Alexie's craftsmanship takes another quantum leap forward with the 420-page Indian Killer. But it's merely one of a variety of items on his agenda. This month also marks the publication of his fourth book of poetry, The Summer Of Black Widows, and the beginning of the Honor The Earth musical tour (which stops at Northrop Auditorium in Minneapolis on Friday). The tour promotes a just-released CD of the same name, one that benefits more than 200 groups of indigenous people in North America trying to preserve the environmental quality of their homelands. Alongside acts ranging from Bonnie Raitt, Soul Asylum, and the Indigo Girls to Native musicians such as John Trudell and Ulali, Alexie appears on the disc talk-singing a story with the accompaniment of guitarist Jim Boyd, who also helped him with some of the musical aspects of Reservation Blues.
"Jim is sort of a reservation hero," Alexie says via phone from his office in Seattle. "He was in this real famous Native band called Xit; growing up I had his cassettes. Then we met at a folk festival where they had me read and him sing. "We've played together a lot out here but certainly never as big a venue [as the Northrop] or with such stellar company--I'm nervous, he's excited. I'll read and he'll play. If I played it would be insulting thousands of years of tribal tradition."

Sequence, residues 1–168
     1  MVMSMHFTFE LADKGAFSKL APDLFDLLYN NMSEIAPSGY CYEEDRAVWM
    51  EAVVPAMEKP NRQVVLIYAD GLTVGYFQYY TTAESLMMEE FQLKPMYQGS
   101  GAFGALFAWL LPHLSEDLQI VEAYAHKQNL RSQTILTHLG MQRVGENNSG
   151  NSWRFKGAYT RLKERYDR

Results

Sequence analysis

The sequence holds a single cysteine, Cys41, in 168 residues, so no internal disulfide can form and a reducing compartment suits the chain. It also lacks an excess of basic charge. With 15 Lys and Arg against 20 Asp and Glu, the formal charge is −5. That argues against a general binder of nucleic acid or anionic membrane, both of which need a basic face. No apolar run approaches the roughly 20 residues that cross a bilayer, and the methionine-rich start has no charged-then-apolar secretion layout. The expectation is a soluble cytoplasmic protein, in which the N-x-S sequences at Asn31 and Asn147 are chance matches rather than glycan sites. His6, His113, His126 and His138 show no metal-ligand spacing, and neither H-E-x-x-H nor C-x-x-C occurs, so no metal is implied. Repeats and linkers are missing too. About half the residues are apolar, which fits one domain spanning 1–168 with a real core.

Alexie speaks with an easygoing mix of modesty and self-confidence. On the phone and in his writing, he's comfortable with his credentials in both Native and mass market cultures. It's this familiarity that enables him to invoke scathing satire and resonant silliness, to laugh at and with the foibles of his characters, and provide a depth of understanding lacking in the Native-Caucasian dynamics of most other writers.
It's a knowledge he comes by naturally. The first 18 years of Alexie's life were spent on the Spokane reservation in eastern Washington. Entering the eighth grade, however, he says that "I left a 90 percent Indian school to go to a 99 percent white school because I knew I could never get into college with the education I would get on the reservation. I was smart and I could play basketball, so I fit in.